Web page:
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US Cautions N Korea After Report of Missile Test


North Korean leader Kim Jong Un provides field guidance at the Sinpho Pelagic Fishery Complex, in this undated photo released by North Korea's Korean Central News Agency (KCNA) in Pyongyang on May 9, 2015.

The U.S. State Department has urged North Korea to refrain from actions that raise regional tensions after Pyongyang said it had successfully test-fired a submarine-based ballistic missile.

The State Department said launches using ballistic missile technology are "a clear violation" of U.N. Security Council resolutions. North Korea is under U.N. sanctions banning it from developing or using ballistic missile technology.

South Korean military officials said North Korea also test-fired three anti-ship cruise missiles into the sea, one day after warning it would strike South Korean vessels without notice if they intruded into the North's territorial waters.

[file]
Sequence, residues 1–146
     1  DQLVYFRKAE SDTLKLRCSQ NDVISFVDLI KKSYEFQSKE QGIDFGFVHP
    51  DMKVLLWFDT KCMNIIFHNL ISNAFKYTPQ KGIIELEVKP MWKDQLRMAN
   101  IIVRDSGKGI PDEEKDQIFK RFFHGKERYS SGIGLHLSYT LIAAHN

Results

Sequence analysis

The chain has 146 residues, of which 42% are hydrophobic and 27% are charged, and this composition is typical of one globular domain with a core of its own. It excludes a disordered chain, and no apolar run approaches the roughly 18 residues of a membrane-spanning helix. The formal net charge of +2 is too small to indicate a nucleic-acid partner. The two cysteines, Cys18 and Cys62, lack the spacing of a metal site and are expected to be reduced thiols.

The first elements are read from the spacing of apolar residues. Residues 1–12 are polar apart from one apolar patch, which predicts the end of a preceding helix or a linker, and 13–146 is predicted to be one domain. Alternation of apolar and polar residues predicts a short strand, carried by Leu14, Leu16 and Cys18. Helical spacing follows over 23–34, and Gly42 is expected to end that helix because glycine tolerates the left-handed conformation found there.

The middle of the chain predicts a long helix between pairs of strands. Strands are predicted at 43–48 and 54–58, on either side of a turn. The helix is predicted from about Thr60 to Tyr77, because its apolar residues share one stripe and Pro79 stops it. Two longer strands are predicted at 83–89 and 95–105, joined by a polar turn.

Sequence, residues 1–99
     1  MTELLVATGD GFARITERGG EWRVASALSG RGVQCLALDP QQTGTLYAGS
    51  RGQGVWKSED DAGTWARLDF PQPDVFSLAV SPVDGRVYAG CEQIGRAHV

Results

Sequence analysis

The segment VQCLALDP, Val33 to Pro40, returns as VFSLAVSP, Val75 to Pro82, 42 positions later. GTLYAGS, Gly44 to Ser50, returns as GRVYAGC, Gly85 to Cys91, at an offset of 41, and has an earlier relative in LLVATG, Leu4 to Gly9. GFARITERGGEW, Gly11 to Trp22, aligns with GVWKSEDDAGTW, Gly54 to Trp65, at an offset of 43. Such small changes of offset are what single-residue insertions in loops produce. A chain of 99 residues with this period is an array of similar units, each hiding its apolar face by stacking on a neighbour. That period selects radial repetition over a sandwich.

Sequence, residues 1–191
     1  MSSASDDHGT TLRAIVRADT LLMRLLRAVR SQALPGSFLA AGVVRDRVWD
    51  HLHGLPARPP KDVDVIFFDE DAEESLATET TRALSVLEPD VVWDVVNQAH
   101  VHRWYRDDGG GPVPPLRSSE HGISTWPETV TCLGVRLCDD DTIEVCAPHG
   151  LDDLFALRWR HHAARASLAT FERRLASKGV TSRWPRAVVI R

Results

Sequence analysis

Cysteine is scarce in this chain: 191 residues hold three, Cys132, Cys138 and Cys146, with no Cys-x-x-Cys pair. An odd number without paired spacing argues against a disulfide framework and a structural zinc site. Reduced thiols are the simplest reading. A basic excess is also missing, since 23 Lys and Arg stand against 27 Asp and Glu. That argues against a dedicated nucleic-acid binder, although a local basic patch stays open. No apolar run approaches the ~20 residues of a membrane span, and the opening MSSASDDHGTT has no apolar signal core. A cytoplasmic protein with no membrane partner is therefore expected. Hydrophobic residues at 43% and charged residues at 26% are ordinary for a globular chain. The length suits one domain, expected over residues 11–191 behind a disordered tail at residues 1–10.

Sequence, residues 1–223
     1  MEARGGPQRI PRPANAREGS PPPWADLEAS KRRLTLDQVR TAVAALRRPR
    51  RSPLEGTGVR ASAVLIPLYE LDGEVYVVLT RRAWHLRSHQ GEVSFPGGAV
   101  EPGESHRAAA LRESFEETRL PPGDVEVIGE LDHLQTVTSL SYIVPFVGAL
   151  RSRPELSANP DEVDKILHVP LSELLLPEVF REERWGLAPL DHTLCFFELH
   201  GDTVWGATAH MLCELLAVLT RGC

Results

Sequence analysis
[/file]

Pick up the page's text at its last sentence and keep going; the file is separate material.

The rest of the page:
Officials in Seoul said those missiles were fired over the span of about an hour Saturday from an area near the eastern port city of Wonsan.

The North's official KCNA news agency said North Korean leader Kim Jong Un attended the submarine-based missile test and personally issued the order to begin it. Kim said the launching was "an eye-opening success" and "highly praised" the scientists and technicians "for having successfully perfected the technology" of firing a ballistic missile from a submarine underwater, KCNA said.

The KCNA report did not reveal the time, date and location of the test or the range of the missile.

Analysts are divided on just how much progress North Korea has actually made with its submarine-based ballistic missile development program, citing the country's antiquated stock of submarines.

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